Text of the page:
As the pitch for one of the two final candidates in Apprentice 2016, gamification has gone mainstream. The process uses our enjoyment of gaming to better ourselves or make the mundane more enjoyable. Vana Koutsomitis, runner up in the latest series of the UK Apprentice, wanted Alan Sugar to invest in a start up which would combine gaming with online dating and her assertion that both are massive and growth industries is correct.
Lovin’ the Single Gamer
According to Pew Research one in five 25-44 year old Americans have used online dating. There are 80m digital gamers, in the same age segment in the US. So Koutsomitis has a popular product in profitable demographic. She was right to point out that 350m people are glued to mobile phones and to paraphrase, whether it be on the tube or sofa, are playing Candy Crush Saga or other King games ignoring any other popular studios out there.
But does online dating lend itself to this lucrative segment of the gaming industry or vice versa? The appeal of mobile games as electronic time-passers is clear and done well, much like the edu-tainment software of my youth could improve the lives of users through using gaming as a self-improvement process, see Dr. Kawashima’s Brain Training.
The idea of underlying biometric tests plugged into dating algorithms and addictive gaming is theoretically sound, but whether it is a product sustaining a pool of profitable pool of users is debatable. Through the few episodes I watched, twinned with a very impressive sounding résumé, I do not doubt that Koutsomitis understands social networking particularly as a business, I don’t. But I do understand the appeal and business behind gaming.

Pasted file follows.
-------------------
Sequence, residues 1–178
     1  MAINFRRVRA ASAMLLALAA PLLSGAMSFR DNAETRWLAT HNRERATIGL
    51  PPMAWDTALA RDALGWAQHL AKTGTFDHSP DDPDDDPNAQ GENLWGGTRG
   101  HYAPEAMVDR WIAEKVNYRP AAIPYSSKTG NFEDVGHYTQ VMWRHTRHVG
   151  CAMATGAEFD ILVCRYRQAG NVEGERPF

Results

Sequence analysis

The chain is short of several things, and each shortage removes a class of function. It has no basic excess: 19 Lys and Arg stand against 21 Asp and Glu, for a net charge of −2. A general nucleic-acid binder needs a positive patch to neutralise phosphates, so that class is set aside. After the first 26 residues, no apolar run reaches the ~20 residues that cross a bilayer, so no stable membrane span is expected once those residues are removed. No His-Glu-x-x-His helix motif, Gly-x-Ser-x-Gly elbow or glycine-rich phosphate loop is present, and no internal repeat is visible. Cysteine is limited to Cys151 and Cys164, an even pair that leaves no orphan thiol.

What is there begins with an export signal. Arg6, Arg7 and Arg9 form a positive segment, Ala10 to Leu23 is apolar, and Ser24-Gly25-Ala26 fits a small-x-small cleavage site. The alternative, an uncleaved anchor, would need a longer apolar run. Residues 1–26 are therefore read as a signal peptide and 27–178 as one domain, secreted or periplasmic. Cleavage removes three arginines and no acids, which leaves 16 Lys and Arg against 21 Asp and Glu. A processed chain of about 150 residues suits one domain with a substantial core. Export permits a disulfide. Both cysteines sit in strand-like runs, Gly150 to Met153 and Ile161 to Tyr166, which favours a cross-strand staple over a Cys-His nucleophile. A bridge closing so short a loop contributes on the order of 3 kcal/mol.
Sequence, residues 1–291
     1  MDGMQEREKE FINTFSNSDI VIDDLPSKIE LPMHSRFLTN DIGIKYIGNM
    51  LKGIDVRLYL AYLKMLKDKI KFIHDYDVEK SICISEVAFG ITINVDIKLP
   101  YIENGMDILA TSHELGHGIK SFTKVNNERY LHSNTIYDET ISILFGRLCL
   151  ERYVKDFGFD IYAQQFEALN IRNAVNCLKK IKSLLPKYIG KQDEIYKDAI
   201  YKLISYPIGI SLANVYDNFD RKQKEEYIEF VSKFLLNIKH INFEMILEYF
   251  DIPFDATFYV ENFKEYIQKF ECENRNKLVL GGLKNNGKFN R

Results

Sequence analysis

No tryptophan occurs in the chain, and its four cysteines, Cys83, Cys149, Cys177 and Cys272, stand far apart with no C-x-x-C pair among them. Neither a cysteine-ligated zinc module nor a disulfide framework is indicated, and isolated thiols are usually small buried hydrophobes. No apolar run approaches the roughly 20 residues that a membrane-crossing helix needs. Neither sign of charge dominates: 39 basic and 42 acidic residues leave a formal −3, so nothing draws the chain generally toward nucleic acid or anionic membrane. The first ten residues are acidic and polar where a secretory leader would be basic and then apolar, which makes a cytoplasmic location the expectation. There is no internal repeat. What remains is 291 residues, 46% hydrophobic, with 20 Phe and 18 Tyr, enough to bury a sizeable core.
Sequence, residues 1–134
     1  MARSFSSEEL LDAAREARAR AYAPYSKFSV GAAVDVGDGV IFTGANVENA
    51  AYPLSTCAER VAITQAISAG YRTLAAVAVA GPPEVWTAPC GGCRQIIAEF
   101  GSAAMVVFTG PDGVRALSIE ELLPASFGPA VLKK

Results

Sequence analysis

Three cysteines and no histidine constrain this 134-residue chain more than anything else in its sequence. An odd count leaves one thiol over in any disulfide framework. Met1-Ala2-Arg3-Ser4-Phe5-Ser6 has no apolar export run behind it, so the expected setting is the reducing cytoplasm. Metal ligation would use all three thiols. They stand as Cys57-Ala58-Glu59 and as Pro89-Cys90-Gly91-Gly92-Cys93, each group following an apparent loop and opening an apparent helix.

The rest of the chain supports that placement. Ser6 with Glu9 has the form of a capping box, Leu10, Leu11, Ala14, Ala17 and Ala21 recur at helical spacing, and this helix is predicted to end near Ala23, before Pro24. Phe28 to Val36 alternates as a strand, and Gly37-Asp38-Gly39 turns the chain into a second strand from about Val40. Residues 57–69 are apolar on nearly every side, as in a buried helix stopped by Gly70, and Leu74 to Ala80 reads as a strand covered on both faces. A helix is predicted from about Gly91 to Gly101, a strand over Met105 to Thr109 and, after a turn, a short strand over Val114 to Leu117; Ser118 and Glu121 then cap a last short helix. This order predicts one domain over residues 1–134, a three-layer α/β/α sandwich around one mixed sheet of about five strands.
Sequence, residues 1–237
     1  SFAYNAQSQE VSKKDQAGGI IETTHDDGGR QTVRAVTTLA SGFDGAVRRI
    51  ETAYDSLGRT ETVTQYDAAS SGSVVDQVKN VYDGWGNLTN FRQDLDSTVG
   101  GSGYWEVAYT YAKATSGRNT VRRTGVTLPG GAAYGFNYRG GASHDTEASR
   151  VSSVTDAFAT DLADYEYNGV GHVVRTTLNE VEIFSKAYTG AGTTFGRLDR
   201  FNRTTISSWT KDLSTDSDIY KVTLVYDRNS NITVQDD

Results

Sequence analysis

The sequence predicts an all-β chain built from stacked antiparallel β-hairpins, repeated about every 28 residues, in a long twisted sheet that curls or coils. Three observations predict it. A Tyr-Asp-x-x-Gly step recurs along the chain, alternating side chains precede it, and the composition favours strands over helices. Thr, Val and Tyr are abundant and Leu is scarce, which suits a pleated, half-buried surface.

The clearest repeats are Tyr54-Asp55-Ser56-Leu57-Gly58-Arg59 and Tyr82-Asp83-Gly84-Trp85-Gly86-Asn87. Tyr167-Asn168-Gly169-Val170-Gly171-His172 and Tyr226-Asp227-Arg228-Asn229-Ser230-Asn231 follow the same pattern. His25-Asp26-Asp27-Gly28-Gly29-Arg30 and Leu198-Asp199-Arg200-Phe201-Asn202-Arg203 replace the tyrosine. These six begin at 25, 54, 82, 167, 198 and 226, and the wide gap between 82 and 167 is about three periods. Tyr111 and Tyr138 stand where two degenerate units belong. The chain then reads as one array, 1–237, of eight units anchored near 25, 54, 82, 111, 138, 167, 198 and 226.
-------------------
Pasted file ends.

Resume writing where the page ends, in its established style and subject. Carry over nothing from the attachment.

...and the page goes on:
Finding Moby Dick
Mobile gaming as a big industry is no different to gambling, in fact the systems are modelled on this. The bulk of revenues are derived from a small pool of gamers, the ‘Whales’; who finance the free limited gaming of other users. The long term success of Clash of Clans et al is dependant on retaining these Whales, whereas the way I see it retaining users is the antithesis of a successful dating website.
Successful free-to-play titles use in-app purchases to improve the successes of the gamer. Multiple micro transactions are made by Whales to finance the studio and ‘improve’ the users chances at any given level. If Dateplay retains its own Whales, its failed at online dating.
It may have only been reality TV, but Koutsomitis proved she can successful operate a business. I’m sure what I’ve written highlights the obvious, or I’ve missed the point of Dateplay. The challenge for Koutsomitis will be how the app/game is monetised given that it cannot rely on Whales.
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